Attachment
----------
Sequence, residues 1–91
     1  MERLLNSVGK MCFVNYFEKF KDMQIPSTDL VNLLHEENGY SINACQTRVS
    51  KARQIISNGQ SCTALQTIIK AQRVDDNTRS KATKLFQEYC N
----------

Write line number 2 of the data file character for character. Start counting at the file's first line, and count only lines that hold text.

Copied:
     1  MERLLNSVGK MCFVNYFEKF KDMQIPSTDL VNLLHEENGY SINACQTRVS